I was leaning over the rim of York's ancient city wall when a man spoke close to my ear.
"They used to keep goats," he began. "I wonder where they went. Oh, the chickens are fine and look healthy enough. But the goats had more character. I used to see them every morning on my walk. You're not from here, are you? American, perhaps? I served with Yanks in the war and would be pleased to try to pay back those friendships. I could show you the city. I have all the time in the world now that I've retired. Hmmm, I do wonder about those goats." I had heard that the people of Yorkshire were more ebullient than their reserved London compatriots, that they were apt to spring into conversation with strangers as if they were chatting with neighbors about a mutually understood subject.
The voluble man was proof. We stared companionably into the tidy chicken yard that was framed with chestnut trees and backed by the soaring stone lace of York Cathedral, affectionately known as York Minster, the largest Gothic church in England.
Although I declined his offer of a tour, we agreed that the trees were lovely and the cathedral was magnificent and, yes, I would be sure to listen for the York Minster bell ringers that evening at their weekly practice. He doffed his tweed hat and walked on.
York is a town for walking. Crooked lanes whip between sagging 15th-Century buildings, and, in some cases--such as the medieval market street called the Shambles--the overhangs almost brush. Black-and-white lines of half-timbered buildings are broken up by dark piles of Victorian brick. Bow windows add grace; thatch rooftops add comfort.
And the people of Yorkshire add merriment.
"The red roses are even sweeter, luv ," said a woman selling flowers, when I paused to admire the yellow. "You are turned around, luv ," said a policeman when I asked directions. "Your hotel would be that way, beyond the museum. Now if you haven't visited the museum."
I had begun my wall-top hike at Bootham Bar, a turreted gate flanked by stone stairs. Fragments of a Roman wall support medieval ramparts. The view from above is a patchwork of kempt green lawns and overgrown gardens, of madcap rooftops holding a folly of chimneys.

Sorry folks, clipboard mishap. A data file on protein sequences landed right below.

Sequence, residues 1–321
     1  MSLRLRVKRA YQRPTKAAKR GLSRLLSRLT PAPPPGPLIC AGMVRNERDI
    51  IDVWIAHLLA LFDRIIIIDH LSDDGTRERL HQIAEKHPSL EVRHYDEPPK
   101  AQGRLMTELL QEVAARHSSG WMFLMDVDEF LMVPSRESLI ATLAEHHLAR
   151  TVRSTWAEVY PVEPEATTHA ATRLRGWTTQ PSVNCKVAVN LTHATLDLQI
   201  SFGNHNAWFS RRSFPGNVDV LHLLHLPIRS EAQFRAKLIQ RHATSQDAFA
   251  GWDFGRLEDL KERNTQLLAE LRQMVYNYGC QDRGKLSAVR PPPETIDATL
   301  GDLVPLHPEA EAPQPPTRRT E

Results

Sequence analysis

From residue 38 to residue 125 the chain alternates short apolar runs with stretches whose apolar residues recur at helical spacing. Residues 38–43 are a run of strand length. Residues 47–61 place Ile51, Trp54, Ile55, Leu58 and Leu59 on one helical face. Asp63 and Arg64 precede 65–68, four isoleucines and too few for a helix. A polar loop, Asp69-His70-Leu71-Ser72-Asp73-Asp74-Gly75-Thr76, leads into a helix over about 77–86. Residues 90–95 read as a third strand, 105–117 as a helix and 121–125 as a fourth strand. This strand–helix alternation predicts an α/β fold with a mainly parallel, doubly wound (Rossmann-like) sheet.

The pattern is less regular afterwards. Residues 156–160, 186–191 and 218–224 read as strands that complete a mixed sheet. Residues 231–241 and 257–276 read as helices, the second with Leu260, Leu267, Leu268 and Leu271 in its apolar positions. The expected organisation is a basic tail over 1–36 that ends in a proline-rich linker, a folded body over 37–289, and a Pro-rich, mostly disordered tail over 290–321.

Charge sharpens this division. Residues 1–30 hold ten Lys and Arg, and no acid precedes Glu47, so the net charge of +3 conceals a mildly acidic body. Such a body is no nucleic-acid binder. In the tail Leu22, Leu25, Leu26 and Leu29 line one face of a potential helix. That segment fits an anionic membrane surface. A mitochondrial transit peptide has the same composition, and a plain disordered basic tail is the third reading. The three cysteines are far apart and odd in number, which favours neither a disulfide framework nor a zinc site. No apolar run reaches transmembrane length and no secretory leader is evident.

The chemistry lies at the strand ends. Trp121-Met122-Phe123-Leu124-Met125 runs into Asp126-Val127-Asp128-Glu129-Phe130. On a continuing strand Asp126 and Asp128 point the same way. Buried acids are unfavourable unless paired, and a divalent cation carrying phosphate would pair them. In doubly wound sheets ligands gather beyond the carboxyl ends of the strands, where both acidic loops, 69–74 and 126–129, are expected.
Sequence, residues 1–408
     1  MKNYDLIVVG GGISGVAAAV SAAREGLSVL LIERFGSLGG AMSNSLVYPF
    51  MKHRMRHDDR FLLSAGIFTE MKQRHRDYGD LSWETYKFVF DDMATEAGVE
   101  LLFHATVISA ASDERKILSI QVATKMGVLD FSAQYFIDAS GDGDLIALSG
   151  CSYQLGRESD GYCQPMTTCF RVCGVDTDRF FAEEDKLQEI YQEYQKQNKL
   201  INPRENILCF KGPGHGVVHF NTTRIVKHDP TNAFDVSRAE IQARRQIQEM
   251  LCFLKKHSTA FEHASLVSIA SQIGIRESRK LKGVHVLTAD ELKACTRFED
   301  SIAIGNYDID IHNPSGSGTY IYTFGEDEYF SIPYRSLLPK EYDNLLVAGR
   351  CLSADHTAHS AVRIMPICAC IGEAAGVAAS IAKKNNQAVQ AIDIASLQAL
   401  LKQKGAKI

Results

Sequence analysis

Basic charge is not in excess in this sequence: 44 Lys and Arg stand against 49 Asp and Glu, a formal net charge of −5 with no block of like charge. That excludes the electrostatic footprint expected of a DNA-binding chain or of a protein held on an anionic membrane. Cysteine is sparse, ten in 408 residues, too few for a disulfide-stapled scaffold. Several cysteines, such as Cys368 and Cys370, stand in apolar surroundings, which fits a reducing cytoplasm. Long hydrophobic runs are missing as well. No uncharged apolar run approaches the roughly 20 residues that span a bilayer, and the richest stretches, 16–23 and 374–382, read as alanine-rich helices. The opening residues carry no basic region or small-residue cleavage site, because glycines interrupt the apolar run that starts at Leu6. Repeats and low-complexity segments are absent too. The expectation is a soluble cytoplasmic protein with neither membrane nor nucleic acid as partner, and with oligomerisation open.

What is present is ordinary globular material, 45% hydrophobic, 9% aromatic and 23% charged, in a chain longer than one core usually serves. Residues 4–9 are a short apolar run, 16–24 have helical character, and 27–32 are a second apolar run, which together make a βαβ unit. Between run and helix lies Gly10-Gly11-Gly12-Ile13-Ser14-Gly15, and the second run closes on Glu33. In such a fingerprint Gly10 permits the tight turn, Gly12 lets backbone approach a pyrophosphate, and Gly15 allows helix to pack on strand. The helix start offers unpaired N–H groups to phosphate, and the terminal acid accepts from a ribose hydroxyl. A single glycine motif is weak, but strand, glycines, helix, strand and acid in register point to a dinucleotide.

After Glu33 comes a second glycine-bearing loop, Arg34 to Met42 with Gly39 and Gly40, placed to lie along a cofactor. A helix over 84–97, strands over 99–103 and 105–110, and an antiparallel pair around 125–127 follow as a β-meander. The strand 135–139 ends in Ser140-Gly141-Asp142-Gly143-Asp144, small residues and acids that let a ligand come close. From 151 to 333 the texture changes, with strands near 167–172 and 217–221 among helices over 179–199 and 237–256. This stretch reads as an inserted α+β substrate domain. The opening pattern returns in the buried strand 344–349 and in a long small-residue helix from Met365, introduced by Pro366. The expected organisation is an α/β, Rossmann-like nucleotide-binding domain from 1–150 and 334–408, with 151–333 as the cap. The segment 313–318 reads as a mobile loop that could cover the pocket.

At Monksgate, I descended shadowy stairs to wander a maze of streets and pray to come out at the Minster. Shop windows glittered with antiques and silver and porcelain. Amber lamps brightened pubs and coffeehouses. In a small park by St. William's College, schoolchildren were lining up to be counted. A peacock flew down from a tree branch and landed near them in a thud of turquoise. Two children toppled over with giggles.
York is proud of her past: the Romans, the Anglo-Saxons, the Vikings, the kings, the conquerors, the builders of the Minster and the 19th-Century railroad men who made the town a hub.
She also is proud of her present, including an especially savory Yorkshire pudding that is served with roast beef or turkey, or as a main course at the heart-of-town Russell's restaurant.
Toward day's end, I strolled back to the Grange, a Georgian townhouse converted to a hotel with 29 rooms. I wanted to stretch out and read before going downstairs for supper.
At 8 p.m., from my third-floor window, I heard a glorious cacophony, the methodical change ringing of bells that is both art and sport in England, a matter of tradition and training. The sounds tumble over a scale in change ringing, but the pattern of bells varies each time.
I slipped into my shoes and hurried through the dusk toward the cathedral. Beyond Bootham Bar the peals grew louder. From the cobbled pavement I watched silhouettes high in the bell-tower windows. They flickered like smoke from a candle.
"It's the change ringers, you see," said a voice near my ear. "They pull down on the ropes and then ride them up. We have 12 bells in York, you know. Most places have just eight. Well, all the best."
And away she toddled, a cheery stranger with a flower on her hat and a run in her stocking. I felt I had known her for years.